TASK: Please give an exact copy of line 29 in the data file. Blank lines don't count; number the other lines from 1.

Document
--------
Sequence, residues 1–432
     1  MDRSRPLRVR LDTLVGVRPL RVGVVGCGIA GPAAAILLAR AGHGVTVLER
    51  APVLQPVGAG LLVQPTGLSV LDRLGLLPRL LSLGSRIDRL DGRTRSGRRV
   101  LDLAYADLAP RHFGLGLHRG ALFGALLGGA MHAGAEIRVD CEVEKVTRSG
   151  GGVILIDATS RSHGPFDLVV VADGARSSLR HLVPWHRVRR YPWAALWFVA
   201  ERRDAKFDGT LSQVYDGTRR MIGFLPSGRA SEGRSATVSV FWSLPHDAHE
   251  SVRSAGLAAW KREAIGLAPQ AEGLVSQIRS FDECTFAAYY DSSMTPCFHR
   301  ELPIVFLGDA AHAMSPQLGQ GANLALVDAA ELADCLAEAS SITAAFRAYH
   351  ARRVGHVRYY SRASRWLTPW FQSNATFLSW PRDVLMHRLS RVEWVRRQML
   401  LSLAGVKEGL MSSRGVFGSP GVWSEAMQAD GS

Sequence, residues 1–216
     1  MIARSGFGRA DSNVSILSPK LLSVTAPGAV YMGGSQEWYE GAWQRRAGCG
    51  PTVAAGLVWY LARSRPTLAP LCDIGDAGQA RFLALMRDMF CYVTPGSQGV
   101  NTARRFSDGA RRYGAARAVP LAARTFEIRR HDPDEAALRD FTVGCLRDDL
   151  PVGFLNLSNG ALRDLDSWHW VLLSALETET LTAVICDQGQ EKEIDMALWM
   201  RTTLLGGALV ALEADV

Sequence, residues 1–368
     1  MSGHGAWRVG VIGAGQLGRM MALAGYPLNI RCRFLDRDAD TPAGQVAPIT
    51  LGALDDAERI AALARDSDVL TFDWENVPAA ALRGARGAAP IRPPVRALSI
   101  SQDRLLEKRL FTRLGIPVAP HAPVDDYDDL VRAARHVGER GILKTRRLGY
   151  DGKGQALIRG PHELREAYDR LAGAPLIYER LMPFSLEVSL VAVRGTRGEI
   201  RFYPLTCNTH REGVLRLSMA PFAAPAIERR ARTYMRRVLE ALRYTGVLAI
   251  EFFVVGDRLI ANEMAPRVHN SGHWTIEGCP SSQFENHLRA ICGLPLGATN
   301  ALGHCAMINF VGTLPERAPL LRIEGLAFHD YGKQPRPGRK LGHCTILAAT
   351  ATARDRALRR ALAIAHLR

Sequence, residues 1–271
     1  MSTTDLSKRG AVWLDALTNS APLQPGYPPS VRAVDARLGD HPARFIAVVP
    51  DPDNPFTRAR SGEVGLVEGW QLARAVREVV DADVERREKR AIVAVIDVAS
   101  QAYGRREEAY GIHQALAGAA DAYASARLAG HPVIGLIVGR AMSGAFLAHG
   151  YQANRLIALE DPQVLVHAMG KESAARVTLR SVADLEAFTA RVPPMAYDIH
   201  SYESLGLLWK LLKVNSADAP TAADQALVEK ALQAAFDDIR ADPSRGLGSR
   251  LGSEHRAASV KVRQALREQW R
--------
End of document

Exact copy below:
   101  QAYGRREEAY GIHQALAGAA DAYASARLAG HPVIGLIVGR AMSGAFLAHG